When I was young, I learned that the Mona Lisa took decades to finish. I admired the classic artistry and meticulous craft. In that moment, I felt that humanity had moved well past the age of beautiful production and that humanity only valued timely industrial production. “Who works on a piece of art that long anymore!?” I thought. I was naive, but I still carry that bitter critic on my shoulder. The process of hand-woven, artisan designed wool rugs let me see how industry bridges time intensive, beautiful craft with market-driven production. The creation of an artisan rug is a lengthy commitment to deliver an artistically designed item for consumers in search of timeless beauty.
I was invited to participate in a livelihoods project with the American India Foundation and Jaipur Rugs Foundation in northern India. We would spend a week conducting field visits looking at the work and lives of people involved in the wool, hand-woven rug industry. Joining me from the American India Foundation were Fellows Palak Dudani and Tim Hefflinger. We were led by experienced development professional, Hanumant Rawat and assistant, Kanika Singh. Along in our journey were three other development professionals, including our intrepid guide from Jaipur Rugs, Yash. This was an incredible opportunity to see the work of the Jaipur Rugs Company (JRC), attempt to understand the complex lives of rug weavers, and develop a proposal to increase the dignity, income, and documentation of the intervention project.
Nand Kishore Chaudhary started his rug business in 1978 and has lifted the Jaipur Rugs Company to work with over 11,000 weavers in a decentralized production system while becoming an internationally recognized institution. Operations span across six states and 600 villages in India with an overall base of over 40,000 artisans. The JRC finds roots, maintained today, in the hand-spun and hand-woven luxury rugs business. Additionally, the JRC is in the market of mechanized processes where rugs can sell in the larger market of cheaper, industrially produced rugs.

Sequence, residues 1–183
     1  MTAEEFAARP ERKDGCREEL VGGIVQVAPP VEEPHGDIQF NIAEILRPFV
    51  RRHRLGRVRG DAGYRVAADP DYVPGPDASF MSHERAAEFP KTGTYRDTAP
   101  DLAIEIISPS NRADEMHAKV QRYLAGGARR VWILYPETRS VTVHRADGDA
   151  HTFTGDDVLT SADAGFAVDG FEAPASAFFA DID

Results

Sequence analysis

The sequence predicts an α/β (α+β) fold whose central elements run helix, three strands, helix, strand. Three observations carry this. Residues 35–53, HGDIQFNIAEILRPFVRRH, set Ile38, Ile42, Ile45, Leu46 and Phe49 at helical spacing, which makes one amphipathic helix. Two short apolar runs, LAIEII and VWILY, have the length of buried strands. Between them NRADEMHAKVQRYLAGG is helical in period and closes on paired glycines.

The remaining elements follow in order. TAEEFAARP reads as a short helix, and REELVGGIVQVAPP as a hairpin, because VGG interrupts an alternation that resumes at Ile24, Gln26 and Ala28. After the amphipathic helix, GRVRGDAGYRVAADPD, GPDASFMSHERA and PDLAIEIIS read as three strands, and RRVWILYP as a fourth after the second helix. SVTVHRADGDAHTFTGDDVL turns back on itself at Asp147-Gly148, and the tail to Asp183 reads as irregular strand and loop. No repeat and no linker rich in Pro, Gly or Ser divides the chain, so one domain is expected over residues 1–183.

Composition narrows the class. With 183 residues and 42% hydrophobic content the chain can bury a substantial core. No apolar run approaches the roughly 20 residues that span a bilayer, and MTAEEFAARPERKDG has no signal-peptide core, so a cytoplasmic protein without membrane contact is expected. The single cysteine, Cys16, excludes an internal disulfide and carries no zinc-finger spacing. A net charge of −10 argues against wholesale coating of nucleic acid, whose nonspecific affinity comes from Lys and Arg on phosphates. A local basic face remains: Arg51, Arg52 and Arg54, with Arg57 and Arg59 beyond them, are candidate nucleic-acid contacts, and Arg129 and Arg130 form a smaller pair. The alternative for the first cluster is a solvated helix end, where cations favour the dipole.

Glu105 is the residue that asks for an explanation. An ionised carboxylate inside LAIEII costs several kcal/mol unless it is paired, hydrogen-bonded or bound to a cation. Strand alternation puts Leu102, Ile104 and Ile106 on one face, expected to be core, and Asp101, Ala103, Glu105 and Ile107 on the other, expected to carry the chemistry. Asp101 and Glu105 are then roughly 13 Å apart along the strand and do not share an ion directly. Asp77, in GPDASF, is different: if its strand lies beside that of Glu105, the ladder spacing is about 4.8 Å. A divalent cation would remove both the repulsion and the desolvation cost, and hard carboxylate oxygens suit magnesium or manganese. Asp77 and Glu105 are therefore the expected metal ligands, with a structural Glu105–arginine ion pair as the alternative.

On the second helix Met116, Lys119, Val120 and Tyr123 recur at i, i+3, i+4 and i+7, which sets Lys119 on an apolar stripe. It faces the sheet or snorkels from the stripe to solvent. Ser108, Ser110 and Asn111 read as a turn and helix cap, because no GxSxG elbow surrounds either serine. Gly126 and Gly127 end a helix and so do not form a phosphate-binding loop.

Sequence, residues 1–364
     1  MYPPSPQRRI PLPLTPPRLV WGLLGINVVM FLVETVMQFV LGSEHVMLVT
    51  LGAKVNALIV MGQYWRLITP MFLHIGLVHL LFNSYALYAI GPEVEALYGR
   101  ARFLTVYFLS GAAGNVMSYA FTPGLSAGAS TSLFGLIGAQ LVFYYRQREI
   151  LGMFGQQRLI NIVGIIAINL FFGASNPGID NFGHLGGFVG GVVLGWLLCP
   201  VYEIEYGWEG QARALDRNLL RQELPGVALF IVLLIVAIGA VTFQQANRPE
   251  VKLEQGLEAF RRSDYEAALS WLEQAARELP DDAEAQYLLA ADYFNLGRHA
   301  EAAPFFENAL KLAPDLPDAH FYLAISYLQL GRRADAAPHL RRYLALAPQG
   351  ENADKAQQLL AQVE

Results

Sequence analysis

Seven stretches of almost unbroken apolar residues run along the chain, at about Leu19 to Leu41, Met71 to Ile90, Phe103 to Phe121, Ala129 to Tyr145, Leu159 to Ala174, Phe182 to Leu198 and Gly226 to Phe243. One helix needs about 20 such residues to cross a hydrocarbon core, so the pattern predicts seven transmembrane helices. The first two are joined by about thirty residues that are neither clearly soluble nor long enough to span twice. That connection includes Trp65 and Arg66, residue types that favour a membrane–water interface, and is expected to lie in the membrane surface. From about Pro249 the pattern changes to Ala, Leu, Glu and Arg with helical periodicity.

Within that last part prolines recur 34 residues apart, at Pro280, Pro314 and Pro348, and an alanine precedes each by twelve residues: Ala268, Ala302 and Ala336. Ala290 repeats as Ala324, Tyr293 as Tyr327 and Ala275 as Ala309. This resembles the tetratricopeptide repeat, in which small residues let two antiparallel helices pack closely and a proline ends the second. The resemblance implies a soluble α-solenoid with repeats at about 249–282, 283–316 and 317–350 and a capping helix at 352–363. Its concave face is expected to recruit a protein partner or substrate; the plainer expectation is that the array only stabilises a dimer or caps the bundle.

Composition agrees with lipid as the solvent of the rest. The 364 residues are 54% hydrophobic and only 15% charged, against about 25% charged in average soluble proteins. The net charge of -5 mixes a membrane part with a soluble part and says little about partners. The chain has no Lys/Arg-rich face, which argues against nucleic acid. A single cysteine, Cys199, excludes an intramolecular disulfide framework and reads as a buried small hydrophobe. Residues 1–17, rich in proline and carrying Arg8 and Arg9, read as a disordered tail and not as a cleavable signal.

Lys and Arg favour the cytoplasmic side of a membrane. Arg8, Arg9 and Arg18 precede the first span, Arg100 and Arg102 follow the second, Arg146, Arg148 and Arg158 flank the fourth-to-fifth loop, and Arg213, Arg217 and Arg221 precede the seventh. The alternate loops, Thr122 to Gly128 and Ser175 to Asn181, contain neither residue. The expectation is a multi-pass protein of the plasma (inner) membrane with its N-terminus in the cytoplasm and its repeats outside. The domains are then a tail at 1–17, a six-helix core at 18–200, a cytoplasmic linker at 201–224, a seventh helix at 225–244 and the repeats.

Manufacturers in countries like China have increased their production of cheap rugs, which has forced JRC to increase production in this area to compete. The middle class in the United States are often the consumer of these low-cost rugs. Hand-spun and woven artisan rugs are being pushed further into a luxury niche forcing the JRC to invest heavily on original designs to justify the time intensive labor it takes to produce hand-crafted rugs. Fortunately, their willingness to take risks provided great opportunities. They encouraged the weavers themselves to create their own designs and for the past several years, these “artisan originals” have been awarded numerous design and innovation awards.
The group set off on our site visits in the scrub-desert conditions of Rajasthan. We were shuttled from artisans involved in spinning, to the rug repair facilities, mechanized spinning factory, and finally the artisan hand-weaving village. One thing that was noticeable was the gender distribution of the planning group. For some reason, in management and planning processes, men oftentimes dominate the field. In our group, we were a group of six men with one (later two) women. The demographic we chose to focus on was women artisans. Although each individual in the group was highly qualified and brought remarkable insights, additional women could have raised alternate perspectives and put interviewees at ease.